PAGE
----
People from the Toronto area who are looking to buy a lakeside retreat north of the city are finding relatively few sellers in cottage country this year.
The scarcity is in turn pushing up cottage prices on some of the most sought-after lakes.
“It’s kind of the classic squeeze that the supply is going down but the demand is static or going up,” says real estate agent Paul Crammond of Chestnut Park Real Estate Ltd.
The trend which spreads from Orillia up to Muskoka, Lake of Bays, Parry Sound and Haliburton, mirrors the Toronto market, where the number of listings has also shrunk from this time last year and the increased competition is boosting prices in key neighbourhoods.
Across that swath of cottage country, there were 117 sales of waterfront properties in April, compared with 238 a year earlier, Mr. Crammond says .
That marks a 51-per-cent drop. At the same time, the median price jumped 39 per cent to $600,000 in April from $432,000 in April, 2017.
Mr. Crammond adds that not every property saw such a dramatic surge in price: the mix of cottages sold tilted towards the high-end segment this year. “Prices did go up but there more expensive properties sold in April this year than April last year.”.
On the waterfront in Muskoka and Lake of Bays, 43 properties changed hands in April to mark a 43-per-cent drop from April of 2017.
The median price for those areas spiked 30 per cent to $770,000 from $590,000.
Mr. Crammond says listings have been shrinking for the past four years. The Ontario economy is strong so people are less likely to need to sell because of financial hardship, he points out. Also, more neighbours are buying out neighbours without the cottage ever coming to market. And a large inter-generational transfer of wealth from older parents to their baby boomer kids has taken place.
Real estate firm Royal LePage is forecasting that prices for recreational properties in Ontario will rise 10.4 per cent in 2018 to an average of $535,885. Royal LePage, which surveyed agents across the country, looked at all types of vacation homes – with mountaintop chalets and forest cabins mixed in with waterfront cottages.
Real estate markets in the city and the country have been delayed by a long, cool, damp, spring, agents say.
Anita Latner of Anita Latner Realty Inc. says everything in cottage country is behind by about six weeks, including the painting, repairing docks and putting boats into the water. “The weather took its toll on everything. I was chopping ice here in April – thick ice.”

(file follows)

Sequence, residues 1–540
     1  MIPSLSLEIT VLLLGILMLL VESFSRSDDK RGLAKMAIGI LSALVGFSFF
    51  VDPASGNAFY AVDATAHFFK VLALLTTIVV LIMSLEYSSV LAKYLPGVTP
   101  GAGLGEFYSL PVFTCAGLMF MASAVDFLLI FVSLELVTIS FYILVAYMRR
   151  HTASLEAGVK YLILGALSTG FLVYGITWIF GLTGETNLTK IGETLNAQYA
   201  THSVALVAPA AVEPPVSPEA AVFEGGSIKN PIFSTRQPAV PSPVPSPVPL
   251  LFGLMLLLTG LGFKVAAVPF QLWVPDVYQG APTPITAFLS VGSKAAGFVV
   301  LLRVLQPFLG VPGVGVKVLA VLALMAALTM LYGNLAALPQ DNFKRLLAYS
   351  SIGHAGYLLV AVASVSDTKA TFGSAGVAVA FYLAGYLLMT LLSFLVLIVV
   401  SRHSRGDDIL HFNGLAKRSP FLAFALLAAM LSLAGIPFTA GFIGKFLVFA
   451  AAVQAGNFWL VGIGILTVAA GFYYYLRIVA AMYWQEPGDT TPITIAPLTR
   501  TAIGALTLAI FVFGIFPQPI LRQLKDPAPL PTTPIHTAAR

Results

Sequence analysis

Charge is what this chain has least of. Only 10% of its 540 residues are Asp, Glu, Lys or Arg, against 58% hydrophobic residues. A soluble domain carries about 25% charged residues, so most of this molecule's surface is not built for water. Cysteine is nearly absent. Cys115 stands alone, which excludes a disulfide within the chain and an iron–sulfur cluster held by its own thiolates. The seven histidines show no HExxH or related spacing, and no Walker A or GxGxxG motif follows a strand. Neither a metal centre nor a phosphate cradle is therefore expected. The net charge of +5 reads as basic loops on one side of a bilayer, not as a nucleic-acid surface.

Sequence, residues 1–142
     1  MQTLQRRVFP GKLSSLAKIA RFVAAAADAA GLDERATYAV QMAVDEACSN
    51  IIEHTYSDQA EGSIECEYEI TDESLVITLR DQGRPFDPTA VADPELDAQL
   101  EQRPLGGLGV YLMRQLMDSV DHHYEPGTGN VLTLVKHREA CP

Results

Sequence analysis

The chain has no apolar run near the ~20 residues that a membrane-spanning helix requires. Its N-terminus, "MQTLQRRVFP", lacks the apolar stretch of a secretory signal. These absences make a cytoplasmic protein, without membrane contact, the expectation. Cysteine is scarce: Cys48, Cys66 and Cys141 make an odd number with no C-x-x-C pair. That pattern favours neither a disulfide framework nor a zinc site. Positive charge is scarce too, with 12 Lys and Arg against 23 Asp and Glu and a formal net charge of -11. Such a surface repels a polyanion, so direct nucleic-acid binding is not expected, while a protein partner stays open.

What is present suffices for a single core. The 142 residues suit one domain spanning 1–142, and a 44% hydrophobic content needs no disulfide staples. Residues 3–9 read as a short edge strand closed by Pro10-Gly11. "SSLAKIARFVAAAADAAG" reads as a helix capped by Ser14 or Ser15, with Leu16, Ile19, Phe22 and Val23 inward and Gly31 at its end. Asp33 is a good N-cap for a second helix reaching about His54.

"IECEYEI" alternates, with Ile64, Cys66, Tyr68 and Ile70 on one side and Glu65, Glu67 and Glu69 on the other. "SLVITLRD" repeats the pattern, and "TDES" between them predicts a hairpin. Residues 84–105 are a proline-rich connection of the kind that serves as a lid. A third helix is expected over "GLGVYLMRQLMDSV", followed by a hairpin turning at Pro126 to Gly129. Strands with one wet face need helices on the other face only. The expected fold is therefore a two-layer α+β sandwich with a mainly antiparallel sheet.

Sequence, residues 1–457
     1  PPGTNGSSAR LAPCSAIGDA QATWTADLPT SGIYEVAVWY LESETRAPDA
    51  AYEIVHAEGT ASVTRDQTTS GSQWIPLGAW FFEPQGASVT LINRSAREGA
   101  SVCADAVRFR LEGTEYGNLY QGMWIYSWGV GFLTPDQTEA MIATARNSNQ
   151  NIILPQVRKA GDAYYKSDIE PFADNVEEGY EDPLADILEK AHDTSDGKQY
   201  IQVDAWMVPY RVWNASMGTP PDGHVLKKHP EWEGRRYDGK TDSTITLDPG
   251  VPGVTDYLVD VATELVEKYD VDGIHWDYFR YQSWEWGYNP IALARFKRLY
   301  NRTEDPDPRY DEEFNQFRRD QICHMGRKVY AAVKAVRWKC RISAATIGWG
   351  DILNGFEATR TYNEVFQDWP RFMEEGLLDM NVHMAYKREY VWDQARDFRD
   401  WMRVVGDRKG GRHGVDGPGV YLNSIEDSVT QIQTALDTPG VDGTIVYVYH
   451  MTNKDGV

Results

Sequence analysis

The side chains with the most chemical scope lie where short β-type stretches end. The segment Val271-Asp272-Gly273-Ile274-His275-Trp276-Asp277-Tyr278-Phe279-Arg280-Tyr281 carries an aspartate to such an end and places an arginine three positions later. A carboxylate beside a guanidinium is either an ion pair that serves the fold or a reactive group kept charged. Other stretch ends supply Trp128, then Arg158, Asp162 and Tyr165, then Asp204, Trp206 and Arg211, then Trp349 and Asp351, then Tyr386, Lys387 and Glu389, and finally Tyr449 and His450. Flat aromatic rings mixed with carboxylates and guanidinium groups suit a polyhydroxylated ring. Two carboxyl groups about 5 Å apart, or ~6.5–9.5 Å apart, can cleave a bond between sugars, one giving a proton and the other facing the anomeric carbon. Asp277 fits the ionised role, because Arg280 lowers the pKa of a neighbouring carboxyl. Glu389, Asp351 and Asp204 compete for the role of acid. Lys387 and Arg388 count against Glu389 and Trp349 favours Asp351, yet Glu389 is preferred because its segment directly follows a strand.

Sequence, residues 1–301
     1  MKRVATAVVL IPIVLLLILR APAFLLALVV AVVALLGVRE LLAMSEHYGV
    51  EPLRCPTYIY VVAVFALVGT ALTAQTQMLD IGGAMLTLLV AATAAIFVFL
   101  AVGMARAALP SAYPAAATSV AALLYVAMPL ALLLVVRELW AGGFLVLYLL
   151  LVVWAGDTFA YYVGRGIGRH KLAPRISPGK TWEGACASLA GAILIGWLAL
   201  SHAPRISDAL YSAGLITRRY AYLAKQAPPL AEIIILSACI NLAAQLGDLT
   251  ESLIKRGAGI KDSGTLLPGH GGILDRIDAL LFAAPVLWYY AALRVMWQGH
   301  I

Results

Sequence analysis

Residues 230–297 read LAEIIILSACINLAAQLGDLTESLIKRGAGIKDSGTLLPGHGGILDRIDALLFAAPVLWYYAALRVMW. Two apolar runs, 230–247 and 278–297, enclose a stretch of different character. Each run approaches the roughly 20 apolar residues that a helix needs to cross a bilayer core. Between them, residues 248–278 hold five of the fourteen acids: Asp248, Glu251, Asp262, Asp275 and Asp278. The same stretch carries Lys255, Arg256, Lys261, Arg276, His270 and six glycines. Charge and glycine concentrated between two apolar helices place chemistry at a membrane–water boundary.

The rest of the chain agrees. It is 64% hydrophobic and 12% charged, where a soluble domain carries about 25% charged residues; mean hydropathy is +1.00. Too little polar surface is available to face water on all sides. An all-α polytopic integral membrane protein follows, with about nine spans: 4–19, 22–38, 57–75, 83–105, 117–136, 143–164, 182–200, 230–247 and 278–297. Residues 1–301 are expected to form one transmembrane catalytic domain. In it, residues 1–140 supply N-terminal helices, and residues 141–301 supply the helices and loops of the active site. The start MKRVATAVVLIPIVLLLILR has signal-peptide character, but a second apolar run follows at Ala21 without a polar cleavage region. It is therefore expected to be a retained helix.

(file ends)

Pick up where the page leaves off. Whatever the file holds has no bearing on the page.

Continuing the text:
Ms. Latner believes that stock market gyrations caused by geopolitical tensions also add to the air of anxiety.
U.S. President Donald Trump’s Twitter tirades against Prime Minister Justin Trudeau following the meeting of Group of Seven leaders in Quebec and his outbursts against the North American free-trade agreement will not dissuade serious cottage buyers, in her opinion, but the stock market volatility may slow down some sales.
“They’ll find a way – it might just take a little longer,” Ms. Latner says of potential buyers who might be planning to sell stock in order to invest in a cottage.
She says sunny skies and warm temperatures are a bigger factor than politics and financial markets. “The weather trumps Trump at the end of the day.”
Mr. Crammond says people in the city don’t even think of venturing north when it’s cold and wet. “We need good weather for people to get revved up about cottaging. April was a disaster and parts of May we’re not much better.”
Mr. Crammond, who is selling a place of his own on Lake Rosseau this year as he moves to another cottage around the bay, says more listings have appeared with the warmer weather in the past 10 days or so.
Some real estate agents in Muskoka are setting offer dates when they think they might be able to entice multiple bids, he says. The practice is most common on the “Big Three” lakes of Joseph, Rosseau and Muskoka. “Before this shortage of property, we never did that.”
In areas outside of the Big Three, multiple offers are not common but a buyer might find less room to negotiate down from the asking price.
In another echo of the city market, there’s a divergence of trends. The most coveted properties sell quickly and even draw rival bids while others languish.
Mr. Crammond thinks that buyers have been slow off the mark because of the uncertainty surrounding the Ontario election. He has a sense that some potential buyers – especially at the upper end – we’re hesitating to make any big financial bets.
“People have been looking at properties but maybe haven’t been acting on them as much as they normally would.”
Now that a new provincial government has been elected, buyers may be willing to move.
He explains that cottage buyers are more sensitive to price hikes than city house hunters. While the Toronto market saw double-digit house price increases for several years leading up to 2017, cottage prices since 2009 have been creeping up at, or slightly above, the level of inflation.
“There’s a limit to what people can afford and will do. A cottage is a discretionary purchase,” he says.
“You can’t take buyers for granted that they’re going to pay any amount for your property.”
Prices in some segments have risen 25 per cent over the past four years. But some sellers try to aim for 15 to 20 per cent about that level when they list a property.
“Guaranteed it will sit there,” Mr. Crammond says. Buyers are very educated about market values. “They will knowingly overpay for a place in the city because they need a place to live. That’s not going to happen here.”